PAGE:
If you can't imagine the unimaginable, you should at least be prepared to force your audience to.
For those of you who may not have heard, Spectrevision, the production company behind last year's brilliant/divisive psychedelic horror Mandy, will start principal photography next month on Color out of Space, an adaptation of H.P. Lovecraft's story of the same name. Of course, the main reason I'm excited about said picture is because, like Mandy, it will also star a completely unhinged Nicolas Cage. Many more, however, are more excited about the prospects of a new Lovecraft film.
Color Out of Space will be directed by Richard Stanley and is a story of "cosmic terror." It follows the Gardners, a family who moves to a remote farmstead in rural New England to escape the hustle of the 21st century. They are busy adapting to their new life when a meteorite crashes into their front yard. The mysterious meteorite seems to melt into the earth, infecting both the land and the properties of space-time with a strange, otherworldly color. To their horror, the Gardner family discover that this alien force is gradually mutating every life form that it touches...including them.
“If you give it a shape and put it on screen, it's not unknowable anymore and therefore it loses its power.”
The team has a quite a task ahead of them. While, in the 60 years since his passing, H.P. Lovecraft has inspired ranks in the horror echelon from Stephen King, Guillermo Del Toro, John Carpenter, Ridley Scott, J.J. Abrams, Sam Raimi, and others, many direct Lovecraft adaptations have been made before and have failed. Why is that?
Video is no longer available: www.youtube.com/watch?time_continue=7&v=8OTO7Rqln9Q
In their latest video essay, Screened does a much better job of explaining what the genre of “Cosmic Horror” is all about than I think I ever could. Their central idea is that it’s “as if you inadvertently peeked at something behind yourself. Beyond the monsters, the violence, and the danger, this horror is about the limits of your own humanity.”
In these stories, our protagonists often confront subjects that are beyond the realm of their understanding. That is where the horror lies. And that is why it's so hard for filmmakers to pin it down. How do you show something on screen that is horrifying beyond the realms of even your own imagination?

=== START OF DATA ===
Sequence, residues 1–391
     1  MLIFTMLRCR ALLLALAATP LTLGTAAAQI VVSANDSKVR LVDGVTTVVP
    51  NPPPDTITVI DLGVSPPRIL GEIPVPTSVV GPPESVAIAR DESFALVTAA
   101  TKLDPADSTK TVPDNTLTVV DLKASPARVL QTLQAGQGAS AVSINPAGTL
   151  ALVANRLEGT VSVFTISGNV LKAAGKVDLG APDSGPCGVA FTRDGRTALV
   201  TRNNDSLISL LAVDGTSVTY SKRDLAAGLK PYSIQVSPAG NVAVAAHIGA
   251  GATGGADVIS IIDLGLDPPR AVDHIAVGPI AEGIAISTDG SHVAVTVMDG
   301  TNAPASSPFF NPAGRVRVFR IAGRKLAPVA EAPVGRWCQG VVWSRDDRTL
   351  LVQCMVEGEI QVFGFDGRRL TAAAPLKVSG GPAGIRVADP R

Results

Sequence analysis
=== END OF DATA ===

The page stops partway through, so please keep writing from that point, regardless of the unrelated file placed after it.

"Don't try and overexplain what's happening, rather let them stew in existential dread."
If you aren’t able to do this for an audience, but make some sort of feeble attempt, your whole film will fail as a result. Even if you can put an image to these obscured nightmares, the filmmaker faces an almost paradoxical challenge, “If you give it a shape and put it on screen, it's not unknowable anymore and therefore it loses its power.” One way to solve this problem, is of course, not to show the creature at all. This is more than just “lazy” filmmaking, however. By not showing the creature we leave the audience to ponder the physical shape of the horror on its own. Nothing we present to them on screen can be scarier than what an audience comes up with for itself within the limitless potential of their own imagination.
If you do have the practical where with all to pull off putting your monsters on screen, however, then, by all means, go for it. There aren’t too many Carpenters, Cronenbergs, or Del Toros out there anymore. And while practical effects can be awesome, the main characteristic of successful monsters like The Thing in John Carpenter’s The Thing remains the same. There is an unknowable quality to them. We still don’t know what the imitation’s final form is because it is constantly in a state of transformation.
“The reaction of being faced with the incomprehensible leads the character to look inwards to make sense of the complex puzzle of emotions they are left with,” Screened opines. As the character is going through these struggles, so too should your audience. Let them struggle with it. Don't try and overexplain what's happening, rather let them stew in existential dread.
The essayist believes the key to making a good cosmic horror is all about balance. "Some movies might get the visuals right but they lack cohesive or poignant story and are missing a sense of foreboding or dread. In other cases, the setting is perfect, the mood is just right but the effects are laughable and far from frightening."